Profit & Loss sat down with Javier Alvarado, Monex Casa de Bolsa CEO, and Eduardo Gomez, Subdirector of Operations for FX at Monex, to discuss the group’s acceptance by CLS as the first Mexican member firm.
Profit & Loss: Can you give me a brief history of Monex?
Javier Alvarado: Monex started 32 years ago and has evolved from a very small FX house into a bank with the biggest international payments for private companies in Mexico. Monex is a public company that has close to 20% market share of international private payments in Mexico, with a base of close to 70,000 active customers around the world, 45,000 of which are private corporates and companies in Mexico. Our FX business has nationwide coverage and presence in key international markets, with a network that includes offices in 35 cities in Mexico, plus London, Washington, New York, Los Angeles, Houston, San Antonio, Toronto, Amsterdam and Madrid. The group has diversified both geographically and in other products. While 10 years ago as much as 84% of our total revenues were coming from the domestic FX business, it only represents 40% of our current business.
P&L: I understand Monex has been accepted as the first Mexican member of CLS. How do you anticipate Monex benefiting from the CLS membership?
JA: Joining CLS is very good news for us – it’s going to help us substantially, not only in our liquidity management, but also in terms of settlement management.
Eduardo Gomez: This should be a very important step for Monex since it will allow us to increase our operational efficiency and therefore the possibility to offer a better service to our clients and counterparties, as well as to have more liquidity. We operate as a regulated entity with best practices in terms of AML and KYC and we believe our inclusion as the first Latin American commercial bank which participates as a direct member of CLS is going to open up many more possibilities to deal with other counterparties, not only in the US and Europe, but also around the world. We are one of the largest FX providers in Latin America, and the largest in Mexico, so this is very important for us. If we’re good enough for CLS, we should be good enough or many other counterparties.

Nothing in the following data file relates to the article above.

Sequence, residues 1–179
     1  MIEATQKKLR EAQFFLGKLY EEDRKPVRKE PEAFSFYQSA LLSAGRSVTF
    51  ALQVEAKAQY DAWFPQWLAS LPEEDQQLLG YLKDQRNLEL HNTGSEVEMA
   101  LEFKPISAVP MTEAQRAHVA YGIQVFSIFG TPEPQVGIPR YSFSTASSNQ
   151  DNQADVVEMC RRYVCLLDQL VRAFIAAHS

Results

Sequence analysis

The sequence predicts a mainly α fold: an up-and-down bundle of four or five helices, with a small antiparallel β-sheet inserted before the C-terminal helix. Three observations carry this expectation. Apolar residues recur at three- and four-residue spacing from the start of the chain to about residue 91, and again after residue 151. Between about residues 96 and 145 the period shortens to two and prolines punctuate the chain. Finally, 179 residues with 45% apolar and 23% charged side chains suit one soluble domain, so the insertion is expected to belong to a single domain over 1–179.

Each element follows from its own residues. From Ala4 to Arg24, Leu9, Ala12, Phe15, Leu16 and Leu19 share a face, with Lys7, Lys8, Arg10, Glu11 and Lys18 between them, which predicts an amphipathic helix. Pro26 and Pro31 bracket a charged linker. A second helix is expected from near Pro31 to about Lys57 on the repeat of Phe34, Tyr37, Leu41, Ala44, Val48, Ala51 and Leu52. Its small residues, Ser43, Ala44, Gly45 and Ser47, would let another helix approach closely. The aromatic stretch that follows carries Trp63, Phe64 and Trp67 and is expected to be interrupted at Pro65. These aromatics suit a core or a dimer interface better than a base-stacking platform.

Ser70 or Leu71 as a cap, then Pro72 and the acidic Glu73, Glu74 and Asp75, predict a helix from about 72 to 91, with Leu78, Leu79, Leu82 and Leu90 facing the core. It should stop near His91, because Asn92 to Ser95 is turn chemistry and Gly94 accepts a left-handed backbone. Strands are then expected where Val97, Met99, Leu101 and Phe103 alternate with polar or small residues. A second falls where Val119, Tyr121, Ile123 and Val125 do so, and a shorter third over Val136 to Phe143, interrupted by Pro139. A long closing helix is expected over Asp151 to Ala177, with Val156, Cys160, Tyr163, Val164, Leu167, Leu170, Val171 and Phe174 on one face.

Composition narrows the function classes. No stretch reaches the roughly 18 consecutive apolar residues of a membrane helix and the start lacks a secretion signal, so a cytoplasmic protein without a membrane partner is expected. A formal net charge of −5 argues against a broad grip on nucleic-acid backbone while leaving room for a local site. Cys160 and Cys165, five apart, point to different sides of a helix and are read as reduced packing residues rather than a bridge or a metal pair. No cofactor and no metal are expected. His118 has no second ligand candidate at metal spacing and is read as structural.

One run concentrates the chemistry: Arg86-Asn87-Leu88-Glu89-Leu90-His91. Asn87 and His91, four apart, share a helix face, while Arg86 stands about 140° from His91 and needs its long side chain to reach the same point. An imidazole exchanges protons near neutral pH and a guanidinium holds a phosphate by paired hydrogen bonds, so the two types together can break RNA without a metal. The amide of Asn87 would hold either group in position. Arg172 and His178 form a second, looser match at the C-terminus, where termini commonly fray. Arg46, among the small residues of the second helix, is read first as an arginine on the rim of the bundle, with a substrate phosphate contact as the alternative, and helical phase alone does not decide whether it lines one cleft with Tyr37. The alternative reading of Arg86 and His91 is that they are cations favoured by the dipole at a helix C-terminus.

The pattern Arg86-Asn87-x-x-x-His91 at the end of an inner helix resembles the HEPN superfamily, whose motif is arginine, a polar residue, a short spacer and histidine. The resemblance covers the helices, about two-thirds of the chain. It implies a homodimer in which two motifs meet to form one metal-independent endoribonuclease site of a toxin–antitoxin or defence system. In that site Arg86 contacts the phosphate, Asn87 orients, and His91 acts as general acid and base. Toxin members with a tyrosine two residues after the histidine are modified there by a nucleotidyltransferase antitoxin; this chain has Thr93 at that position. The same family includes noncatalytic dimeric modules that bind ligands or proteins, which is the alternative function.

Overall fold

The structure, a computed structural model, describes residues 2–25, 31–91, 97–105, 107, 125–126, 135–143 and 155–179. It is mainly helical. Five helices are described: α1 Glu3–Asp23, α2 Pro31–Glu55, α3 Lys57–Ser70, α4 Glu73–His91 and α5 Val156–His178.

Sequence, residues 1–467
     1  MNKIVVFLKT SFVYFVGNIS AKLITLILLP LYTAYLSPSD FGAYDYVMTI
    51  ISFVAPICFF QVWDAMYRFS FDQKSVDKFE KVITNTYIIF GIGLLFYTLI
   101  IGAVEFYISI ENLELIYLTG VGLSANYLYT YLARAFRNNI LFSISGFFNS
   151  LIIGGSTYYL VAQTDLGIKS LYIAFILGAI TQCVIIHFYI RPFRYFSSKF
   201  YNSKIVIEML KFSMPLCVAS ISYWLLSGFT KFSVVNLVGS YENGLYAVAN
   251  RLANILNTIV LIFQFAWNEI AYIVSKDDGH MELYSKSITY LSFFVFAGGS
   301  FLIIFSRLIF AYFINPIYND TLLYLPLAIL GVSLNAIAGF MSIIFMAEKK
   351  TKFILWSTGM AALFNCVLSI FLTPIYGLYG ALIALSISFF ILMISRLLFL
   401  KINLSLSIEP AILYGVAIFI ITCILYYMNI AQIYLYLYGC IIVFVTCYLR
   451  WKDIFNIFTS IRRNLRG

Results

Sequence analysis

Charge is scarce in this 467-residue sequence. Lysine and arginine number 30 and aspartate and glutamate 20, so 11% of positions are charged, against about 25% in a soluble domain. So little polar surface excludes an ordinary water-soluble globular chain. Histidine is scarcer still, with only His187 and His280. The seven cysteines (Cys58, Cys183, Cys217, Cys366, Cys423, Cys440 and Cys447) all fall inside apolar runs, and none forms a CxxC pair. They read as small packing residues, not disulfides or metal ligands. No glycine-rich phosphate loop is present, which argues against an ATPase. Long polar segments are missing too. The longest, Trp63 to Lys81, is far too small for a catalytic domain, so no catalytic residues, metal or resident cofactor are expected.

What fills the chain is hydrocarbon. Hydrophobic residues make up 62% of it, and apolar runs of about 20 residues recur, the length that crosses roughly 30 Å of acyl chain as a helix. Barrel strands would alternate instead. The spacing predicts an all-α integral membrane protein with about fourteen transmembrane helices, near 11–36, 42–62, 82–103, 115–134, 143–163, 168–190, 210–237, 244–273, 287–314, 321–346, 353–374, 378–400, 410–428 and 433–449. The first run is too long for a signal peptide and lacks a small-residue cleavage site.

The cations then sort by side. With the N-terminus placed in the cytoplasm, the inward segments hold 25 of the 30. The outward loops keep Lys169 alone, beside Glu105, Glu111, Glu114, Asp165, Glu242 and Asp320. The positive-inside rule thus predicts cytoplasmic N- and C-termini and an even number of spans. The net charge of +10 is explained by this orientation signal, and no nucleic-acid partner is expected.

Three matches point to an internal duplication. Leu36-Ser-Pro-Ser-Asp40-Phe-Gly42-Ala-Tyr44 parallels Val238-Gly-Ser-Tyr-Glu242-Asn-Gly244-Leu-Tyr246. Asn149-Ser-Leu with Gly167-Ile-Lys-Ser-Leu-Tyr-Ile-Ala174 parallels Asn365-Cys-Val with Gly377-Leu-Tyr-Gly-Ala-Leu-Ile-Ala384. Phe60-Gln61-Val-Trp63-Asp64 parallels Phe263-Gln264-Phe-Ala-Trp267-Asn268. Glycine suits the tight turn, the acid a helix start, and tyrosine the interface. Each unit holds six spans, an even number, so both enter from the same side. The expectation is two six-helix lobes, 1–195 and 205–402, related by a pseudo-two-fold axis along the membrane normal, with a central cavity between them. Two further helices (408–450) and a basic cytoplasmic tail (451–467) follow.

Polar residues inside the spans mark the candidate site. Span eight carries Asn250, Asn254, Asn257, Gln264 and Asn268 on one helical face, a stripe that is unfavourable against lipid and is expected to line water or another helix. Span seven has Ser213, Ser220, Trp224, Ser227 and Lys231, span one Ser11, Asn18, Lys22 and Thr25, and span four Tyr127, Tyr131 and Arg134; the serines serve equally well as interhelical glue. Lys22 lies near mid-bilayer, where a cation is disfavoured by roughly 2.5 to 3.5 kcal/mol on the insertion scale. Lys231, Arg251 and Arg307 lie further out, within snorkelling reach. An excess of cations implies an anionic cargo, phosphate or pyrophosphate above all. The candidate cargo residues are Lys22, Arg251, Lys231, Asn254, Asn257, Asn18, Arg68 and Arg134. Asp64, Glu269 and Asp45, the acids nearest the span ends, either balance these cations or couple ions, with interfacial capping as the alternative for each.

P&L: Tell me about your ambitions beyond Mexico.
JA: Close to 30% of our total revenue comes from our international operations and we want to grow this, because we are not only leaders in Mexico, we are competing face-to-face with some of the main providers in London, where we do FX and derivatives. We would also like to expand our payments operations in the US. Monex is the main provider of payments in Mexico, so this should be a natural extension.
P&L: I understand you will also be working with 360T?
JA: Yes – we will be using their solution as aggregator for our trading desks, and we may consider white labelling their platform in the future. We are trying to expand both the number of counterparties we deal with and the ways in which we trade with them, so we have partnered with 360T because we want to move from the traditional voice/manual trading towards electronic platforms and aggregators and be pioneers in Mexico in this area. Eduardo is going to be leading the electronic trading project for Monex. We are already using 360T, but we want to expand our operations with them as a strategic partner. 360T will enable us to distribute our pricing domestically and internationally while enabling Monex to access global liquidity, using their innovative eFX trading, aggregation, smart order routing and credit mitigation capabilities.
P&L: Banxico started an FX Committee last September, and I understand that much of its early work is focusing on the FX Global Code of Conduct. Is Monex involved in this?
JA: We are members of the Mexican FX committee and have expressed our intention to adhere to the Code. In May, we’ll officially adhere to the Code once our Board approves it. We are strong believers in the Code of Conduct and we are working with banks and other market participants in Mexico helping to implement it.
P&L: This is unrelated, but is Monex involved in bitcoin at all?
JA: Monex is an investor in Bitso, which is a bitcoin company in Mexico,
P&L: Any additional comments about the FX market?
Mexico is a very competitive market in terms of FX, it’s an open economy with a free exchange rate regime and a very liquid FX market, in which most people in general are very aware of the price of the US dollar in terms of pesos. So, this is a market with great potential for international participants that will keep growing during the following years.